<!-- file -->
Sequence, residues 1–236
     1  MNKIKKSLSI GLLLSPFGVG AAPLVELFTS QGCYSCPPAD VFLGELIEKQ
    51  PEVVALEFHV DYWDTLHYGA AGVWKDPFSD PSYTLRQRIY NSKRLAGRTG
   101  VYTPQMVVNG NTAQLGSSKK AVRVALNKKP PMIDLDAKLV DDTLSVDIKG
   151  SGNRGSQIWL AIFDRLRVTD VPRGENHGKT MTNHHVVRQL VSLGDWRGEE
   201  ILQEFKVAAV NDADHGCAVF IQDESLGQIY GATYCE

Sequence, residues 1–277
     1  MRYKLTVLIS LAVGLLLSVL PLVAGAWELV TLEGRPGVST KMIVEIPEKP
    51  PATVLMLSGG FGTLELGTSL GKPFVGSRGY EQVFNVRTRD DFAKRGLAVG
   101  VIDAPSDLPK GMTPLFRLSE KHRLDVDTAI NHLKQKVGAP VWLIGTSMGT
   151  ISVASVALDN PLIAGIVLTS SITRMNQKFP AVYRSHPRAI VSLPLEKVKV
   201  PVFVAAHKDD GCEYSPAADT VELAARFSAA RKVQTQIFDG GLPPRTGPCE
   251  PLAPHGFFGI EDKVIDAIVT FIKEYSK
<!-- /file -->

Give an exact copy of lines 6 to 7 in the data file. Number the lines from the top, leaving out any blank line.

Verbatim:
   201  ILQEFKVAAV NDADHGCAVF IQDESLGQIY GATYCE

Sequence, residues 1–277